Deaver describes five of these stories as new, and his publisher identifies five more as reprints. One of the others,...




Fans of the genre’s most indefatigable prestidigitator are in for a treat: The third volume of his short stories (More Twisted, 2006, etc.) may be his best.

“I hate ambiguous endings!” Deaver announces in his prefatory Author’s Note. Fair enough, but there’s plenty of ambiguity, some of it teasing, some of it nerve-wracking, in the middle of most of these dozen tales from the past ten years. Deaver regulars Lincoln Rhyme and Kathryn Dance appear in a pair of stories—he tangles with an exceptionally messy serial killer in “A Textbook Case”; she battles the clock to extract information from a white supremacist about the terrorist plot that’s about to bear fruit in “Fast”—that could have been sketches for their novels. In “Paradice,” Hollywood location scout John Pellam crashes his truck, its brakes shot, into the western burg of Gurney and multiple betrayals. “Reconciliation” begins in a more ruminative vein, as a man returns to his hometown in the hope of somehow reconnecting with his uncaring late father, but ends with the usual Deaver surprises. Best of all are “The Weapon,” another interrogation, this one with a sharper-edged punch line; “The Therapist,” whose hero has a unique way of attracting and helping new clients; and “Bump,” in which a has-been actor ends up in a reality TV poker show whose stakes are higher than he can imagine. The only real disappointments are “The Obit,” an undernourished and eminently predictable tale that begins with Lincoln Rhyme’s obituary, and “Forever,” whose opening question—why are so many aging couples engaging in murder-suicide pacts?—bogs down in disjointed plot twists and an ending that’s, well, too ambiguous.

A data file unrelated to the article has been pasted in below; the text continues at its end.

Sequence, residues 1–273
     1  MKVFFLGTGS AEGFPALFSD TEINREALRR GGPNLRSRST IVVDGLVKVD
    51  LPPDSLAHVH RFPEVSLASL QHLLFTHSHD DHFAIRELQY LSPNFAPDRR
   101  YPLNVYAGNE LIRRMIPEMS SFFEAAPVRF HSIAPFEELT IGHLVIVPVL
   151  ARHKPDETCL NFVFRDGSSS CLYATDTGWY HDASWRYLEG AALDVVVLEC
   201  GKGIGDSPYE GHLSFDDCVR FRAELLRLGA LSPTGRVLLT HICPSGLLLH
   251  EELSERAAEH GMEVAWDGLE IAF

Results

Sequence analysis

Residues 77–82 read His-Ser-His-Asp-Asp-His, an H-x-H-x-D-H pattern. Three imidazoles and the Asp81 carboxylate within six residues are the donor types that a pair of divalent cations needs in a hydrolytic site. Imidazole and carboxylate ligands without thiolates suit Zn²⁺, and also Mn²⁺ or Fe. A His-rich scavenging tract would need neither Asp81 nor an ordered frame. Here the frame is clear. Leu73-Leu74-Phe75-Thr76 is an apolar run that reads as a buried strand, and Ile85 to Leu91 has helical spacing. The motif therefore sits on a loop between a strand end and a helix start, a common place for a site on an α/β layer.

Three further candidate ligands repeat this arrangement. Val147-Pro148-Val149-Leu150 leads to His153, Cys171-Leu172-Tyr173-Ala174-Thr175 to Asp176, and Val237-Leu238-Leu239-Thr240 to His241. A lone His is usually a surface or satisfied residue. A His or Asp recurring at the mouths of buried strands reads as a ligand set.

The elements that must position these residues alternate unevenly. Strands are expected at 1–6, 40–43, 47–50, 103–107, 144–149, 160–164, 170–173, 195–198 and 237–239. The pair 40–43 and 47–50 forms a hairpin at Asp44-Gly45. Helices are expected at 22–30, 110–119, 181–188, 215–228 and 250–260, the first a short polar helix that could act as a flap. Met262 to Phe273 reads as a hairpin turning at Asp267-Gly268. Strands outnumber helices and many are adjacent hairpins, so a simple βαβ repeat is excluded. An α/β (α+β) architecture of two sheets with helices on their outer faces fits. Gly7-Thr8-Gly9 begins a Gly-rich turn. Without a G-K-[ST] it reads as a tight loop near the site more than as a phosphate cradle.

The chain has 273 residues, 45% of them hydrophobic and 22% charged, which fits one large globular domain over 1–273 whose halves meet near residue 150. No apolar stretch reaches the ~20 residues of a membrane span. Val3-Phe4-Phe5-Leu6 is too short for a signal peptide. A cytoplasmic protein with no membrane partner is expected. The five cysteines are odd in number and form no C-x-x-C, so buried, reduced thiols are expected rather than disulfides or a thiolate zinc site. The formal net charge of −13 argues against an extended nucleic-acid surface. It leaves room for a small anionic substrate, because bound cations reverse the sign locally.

Deaver describes five of these stories as new, and his publisher identifies five more as reprints. One of the others, “Bump,” is a reprint as well. But what about “The Competitors,” a routine tale of terrorism at the Olympics? It’s just one more mystery.

Pub Date: March 4, 2014

ISBN: 978-1-4555-2679-6

Page Count: 560

Publisher: Grand Central Publishing

Review Posted Online: Feb. 20, 2014